Demand for manufactured goods has been falling in recent months in the U.S. and overseas, says Scott Paul, president of the Alliance for American Manufacturing.  “We have interest rates that are hitting businesses in the United States, and consumers in the United States,” Paul said. “You had the COVID lockdowns in China, you have a lot of economies dealing with inflation.”

Meanwhile, manufacturers are still dealing with a tight labor market, according to Chad Moutray, chief economist with the National Association of Manufacturers. Wage growth continues to be very elevated,” Moutray said. “And manufacturers continue to tell me just how difficult it is to attract and retain workers.” But falling demand for manufactured goods has helped to make supply chains less congested. Input prices have also been falling. “That also is an encouraging sign that some of those bigger problems that manufacturers have had to face over the last couple years … have started to pull back a little bit, at least in terms of their severity,” Moutray said.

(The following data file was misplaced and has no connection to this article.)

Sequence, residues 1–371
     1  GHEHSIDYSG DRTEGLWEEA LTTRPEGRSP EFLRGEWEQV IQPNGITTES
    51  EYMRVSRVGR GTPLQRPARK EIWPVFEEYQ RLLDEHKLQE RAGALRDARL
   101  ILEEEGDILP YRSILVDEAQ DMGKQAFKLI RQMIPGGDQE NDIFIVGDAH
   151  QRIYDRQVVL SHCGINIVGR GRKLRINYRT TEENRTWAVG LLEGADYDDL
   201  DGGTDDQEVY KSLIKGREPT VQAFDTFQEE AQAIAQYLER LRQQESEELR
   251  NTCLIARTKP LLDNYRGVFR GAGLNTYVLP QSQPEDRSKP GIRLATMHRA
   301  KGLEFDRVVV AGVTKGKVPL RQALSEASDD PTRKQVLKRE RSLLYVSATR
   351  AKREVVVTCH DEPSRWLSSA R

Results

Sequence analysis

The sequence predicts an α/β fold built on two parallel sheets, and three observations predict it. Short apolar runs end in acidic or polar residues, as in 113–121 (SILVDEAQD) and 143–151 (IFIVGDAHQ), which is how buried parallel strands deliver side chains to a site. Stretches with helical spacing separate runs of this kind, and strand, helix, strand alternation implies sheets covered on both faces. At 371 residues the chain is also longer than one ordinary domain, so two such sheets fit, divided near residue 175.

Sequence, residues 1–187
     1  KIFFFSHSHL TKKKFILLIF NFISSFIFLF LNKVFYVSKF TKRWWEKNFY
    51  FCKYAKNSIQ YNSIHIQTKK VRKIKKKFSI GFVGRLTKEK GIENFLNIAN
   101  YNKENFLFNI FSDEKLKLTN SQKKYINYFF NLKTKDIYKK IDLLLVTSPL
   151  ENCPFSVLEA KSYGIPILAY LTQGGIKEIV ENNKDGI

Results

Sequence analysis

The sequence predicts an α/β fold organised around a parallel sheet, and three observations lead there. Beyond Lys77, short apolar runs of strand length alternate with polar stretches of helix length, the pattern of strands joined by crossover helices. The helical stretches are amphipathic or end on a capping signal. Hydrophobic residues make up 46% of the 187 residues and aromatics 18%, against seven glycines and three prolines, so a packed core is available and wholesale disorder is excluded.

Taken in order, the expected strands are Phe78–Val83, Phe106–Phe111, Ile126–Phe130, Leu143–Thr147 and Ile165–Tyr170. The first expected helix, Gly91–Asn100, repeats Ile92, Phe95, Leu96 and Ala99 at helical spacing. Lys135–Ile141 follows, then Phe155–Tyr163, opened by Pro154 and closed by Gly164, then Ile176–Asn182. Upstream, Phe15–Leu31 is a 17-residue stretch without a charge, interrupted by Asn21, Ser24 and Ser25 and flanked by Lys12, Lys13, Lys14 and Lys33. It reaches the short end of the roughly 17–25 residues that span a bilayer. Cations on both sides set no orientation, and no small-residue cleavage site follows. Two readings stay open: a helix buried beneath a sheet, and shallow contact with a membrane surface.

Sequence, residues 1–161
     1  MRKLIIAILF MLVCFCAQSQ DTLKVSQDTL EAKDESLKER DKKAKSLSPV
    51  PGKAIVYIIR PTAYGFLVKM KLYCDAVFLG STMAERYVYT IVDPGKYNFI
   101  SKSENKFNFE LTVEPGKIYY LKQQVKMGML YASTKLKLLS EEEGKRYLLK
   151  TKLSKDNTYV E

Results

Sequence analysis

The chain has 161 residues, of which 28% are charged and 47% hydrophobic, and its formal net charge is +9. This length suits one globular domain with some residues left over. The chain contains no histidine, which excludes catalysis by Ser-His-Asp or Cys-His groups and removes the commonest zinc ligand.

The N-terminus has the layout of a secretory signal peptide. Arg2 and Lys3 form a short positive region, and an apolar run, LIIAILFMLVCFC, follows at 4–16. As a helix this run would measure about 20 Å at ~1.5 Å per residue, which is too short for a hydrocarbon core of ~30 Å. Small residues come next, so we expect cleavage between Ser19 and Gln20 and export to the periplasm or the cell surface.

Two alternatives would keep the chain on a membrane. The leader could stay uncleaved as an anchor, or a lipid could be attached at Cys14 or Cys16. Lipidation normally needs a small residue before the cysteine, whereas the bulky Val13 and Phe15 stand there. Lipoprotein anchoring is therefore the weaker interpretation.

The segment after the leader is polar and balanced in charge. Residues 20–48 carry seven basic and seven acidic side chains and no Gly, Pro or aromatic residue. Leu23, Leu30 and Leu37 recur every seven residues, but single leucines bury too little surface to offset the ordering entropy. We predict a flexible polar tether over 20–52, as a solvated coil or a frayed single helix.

Read more/listen at Marketplace

U.S. COVID – RSV Recedes and Flu Peaks as a New COVID Variant Shoots 'Up Like a Rocket

 As the new year begins and the depths of winter approach, U.S. infectious disease experts monitoring the "tripledemic" stew of viruses that have been plaguing the country say there's good news — and bad. The good news is the worst appears to be over from the RSV surge. RSV cases have been falling steadily since the end of November, according to the Centers for Disease Control and Prevention. At the same time, the flu looks like it's finally receding in most places, according to the latest data out Friday from the CDC.

The Bad news is the rate at which the coronavirus is being detected in wastewater, which has become a bellwether for the pandemic, has tripled or quadrupled in many parts of the U.S. in recent weeks. COVID-19 hospitalizations have jumped 70%, and 300 to 400 people are dying every day from COVID-19. To make matters worse, all this is happening as yet another new, even more transmissible variant has taken over in the United States. Called XBB.1.5, this new omicron subvariant was barely on the radar in late November. But according to new estimates released Friday by the CDC, XBB.1.5 now accounts for almost a third of new infections and is the dominant variant in the Northeast.

Read more at NPR

mRNA Cancer Vaccine Trials Could Start in England by Autumn